Archive for August, 2004

Starting some development work:- wxPython vs Python web

I’m in the process of developing a small application for stock purchase management. Basically logistics handling for purchasing containers from an overseas supplier, dealing with some forecasting for supply cycles. Few basic things.

I haven’t really done much development work a very long time, so I’m a bit rusty. I decided that I’m going to write it in python, as after looking at some of my old perl programs I realise how important it is to be able to maintain your applications even six months down the track. So I think its probably a good change to learn some python and see if its works for me. I’m quite interested in the statement I constantly have heard: “I sat down to try test some ideas and had my application written over the weekend.”

The question I’m now faced with though what UI to use. Should it be web based or maybe wxPython? Problem is when you are writing something not for yourself to use, but other users that you have to make sure that its robust and finding debugs is not going to make you hair go grey.

I gave SPE a try last week and quite liked it. I was almost ready to buy wingware, but SPE seems somewhat better. I had a play in the windows version with its interface to wxGlade. It looked very powerful, I’m figuring it might take me about a couple learning how to put basic single window applications together and maybe another ten or so, put it all together in a multi-window application.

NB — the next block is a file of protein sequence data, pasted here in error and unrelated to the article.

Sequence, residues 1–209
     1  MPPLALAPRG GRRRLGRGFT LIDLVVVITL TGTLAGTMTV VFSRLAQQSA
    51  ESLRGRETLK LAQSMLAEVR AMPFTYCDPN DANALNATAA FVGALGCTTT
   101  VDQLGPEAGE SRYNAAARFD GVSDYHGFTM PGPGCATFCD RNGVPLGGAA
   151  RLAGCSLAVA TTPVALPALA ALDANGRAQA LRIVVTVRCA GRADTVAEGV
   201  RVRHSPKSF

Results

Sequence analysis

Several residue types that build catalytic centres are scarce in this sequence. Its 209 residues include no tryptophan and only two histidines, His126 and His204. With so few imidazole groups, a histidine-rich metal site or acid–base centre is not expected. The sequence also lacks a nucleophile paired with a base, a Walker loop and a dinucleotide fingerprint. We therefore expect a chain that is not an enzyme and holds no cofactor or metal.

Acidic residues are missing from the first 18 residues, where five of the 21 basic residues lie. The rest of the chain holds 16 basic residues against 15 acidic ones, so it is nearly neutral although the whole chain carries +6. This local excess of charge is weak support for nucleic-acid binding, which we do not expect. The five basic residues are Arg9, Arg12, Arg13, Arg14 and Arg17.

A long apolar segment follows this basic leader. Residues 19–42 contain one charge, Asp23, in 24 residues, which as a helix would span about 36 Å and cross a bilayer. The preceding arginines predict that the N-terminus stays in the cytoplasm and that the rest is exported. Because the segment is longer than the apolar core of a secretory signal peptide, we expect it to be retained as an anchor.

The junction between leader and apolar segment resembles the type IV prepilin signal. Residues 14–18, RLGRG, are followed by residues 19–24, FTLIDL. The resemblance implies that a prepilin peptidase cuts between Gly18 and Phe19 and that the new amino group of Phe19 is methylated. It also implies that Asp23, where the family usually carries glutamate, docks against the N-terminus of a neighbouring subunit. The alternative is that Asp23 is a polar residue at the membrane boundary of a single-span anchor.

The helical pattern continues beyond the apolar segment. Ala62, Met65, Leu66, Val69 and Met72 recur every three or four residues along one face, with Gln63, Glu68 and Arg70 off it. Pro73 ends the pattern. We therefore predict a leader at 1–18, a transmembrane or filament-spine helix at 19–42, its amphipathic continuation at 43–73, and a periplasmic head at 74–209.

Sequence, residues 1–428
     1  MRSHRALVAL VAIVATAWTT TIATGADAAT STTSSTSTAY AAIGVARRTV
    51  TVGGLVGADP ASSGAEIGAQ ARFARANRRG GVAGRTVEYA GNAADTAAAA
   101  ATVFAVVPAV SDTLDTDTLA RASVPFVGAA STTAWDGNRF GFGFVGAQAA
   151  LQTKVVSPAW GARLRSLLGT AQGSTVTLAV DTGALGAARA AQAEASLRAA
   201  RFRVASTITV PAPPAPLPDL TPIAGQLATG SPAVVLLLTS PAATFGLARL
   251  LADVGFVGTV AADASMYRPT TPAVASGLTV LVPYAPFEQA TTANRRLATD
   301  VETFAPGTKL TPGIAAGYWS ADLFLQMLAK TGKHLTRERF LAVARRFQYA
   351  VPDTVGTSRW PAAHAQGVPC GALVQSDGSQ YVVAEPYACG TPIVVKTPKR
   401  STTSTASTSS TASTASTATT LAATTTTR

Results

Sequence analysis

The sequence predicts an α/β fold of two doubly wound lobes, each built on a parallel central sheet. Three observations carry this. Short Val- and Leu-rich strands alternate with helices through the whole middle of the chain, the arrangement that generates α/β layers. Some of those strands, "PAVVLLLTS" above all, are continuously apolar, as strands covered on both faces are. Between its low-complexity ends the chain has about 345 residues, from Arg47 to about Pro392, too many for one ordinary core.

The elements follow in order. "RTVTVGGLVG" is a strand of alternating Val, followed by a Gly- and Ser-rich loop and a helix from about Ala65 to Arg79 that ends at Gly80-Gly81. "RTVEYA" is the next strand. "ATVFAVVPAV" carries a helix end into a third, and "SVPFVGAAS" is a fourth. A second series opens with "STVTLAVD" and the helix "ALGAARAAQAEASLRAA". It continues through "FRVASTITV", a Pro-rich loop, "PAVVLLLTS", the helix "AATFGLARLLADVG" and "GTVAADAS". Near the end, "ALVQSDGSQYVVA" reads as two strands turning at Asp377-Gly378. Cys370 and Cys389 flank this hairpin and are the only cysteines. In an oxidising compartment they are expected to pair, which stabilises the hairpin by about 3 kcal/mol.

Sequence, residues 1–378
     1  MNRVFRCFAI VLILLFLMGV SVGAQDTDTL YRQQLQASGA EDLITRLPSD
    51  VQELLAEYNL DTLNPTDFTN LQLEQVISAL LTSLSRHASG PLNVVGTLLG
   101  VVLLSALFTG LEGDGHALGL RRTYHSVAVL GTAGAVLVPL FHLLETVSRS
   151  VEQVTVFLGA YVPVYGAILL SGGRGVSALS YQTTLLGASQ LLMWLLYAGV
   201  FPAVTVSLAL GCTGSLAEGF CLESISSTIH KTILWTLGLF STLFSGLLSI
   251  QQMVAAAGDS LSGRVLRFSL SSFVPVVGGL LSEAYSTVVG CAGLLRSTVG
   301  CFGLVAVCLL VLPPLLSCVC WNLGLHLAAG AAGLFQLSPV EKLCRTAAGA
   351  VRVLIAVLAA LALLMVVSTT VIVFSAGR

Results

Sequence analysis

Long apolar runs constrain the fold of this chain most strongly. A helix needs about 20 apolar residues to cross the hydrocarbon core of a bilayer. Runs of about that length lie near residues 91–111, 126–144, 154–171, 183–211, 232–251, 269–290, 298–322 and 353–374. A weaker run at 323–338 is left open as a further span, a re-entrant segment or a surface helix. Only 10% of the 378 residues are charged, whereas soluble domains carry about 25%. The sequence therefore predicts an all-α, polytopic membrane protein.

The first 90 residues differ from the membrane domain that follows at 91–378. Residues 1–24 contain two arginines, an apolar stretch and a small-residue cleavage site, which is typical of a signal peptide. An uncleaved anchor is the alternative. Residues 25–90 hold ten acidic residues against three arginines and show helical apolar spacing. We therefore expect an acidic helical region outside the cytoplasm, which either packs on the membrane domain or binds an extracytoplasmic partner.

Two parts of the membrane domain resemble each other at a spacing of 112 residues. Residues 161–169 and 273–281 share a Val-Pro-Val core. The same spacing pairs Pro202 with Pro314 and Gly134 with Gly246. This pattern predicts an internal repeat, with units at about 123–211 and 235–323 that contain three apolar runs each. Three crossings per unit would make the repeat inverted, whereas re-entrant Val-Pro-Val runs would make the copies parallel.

On the web side, as many people know that are a lot of different choices for python web applications frameworks. I still have to write the data model and I’ll probably try wxPython out, but a web application is easier to deploy and upgrade, and I’m a lazy admin.

I’ve been compiling a list of references:

Still a bit of work to do.

Comments off

Strang on Video

Always enjoyed Strang book, now he has some video lectures up on the net: 18.06 Linear Algebra Videos Fall 1999.

By this account the video lectures are very good.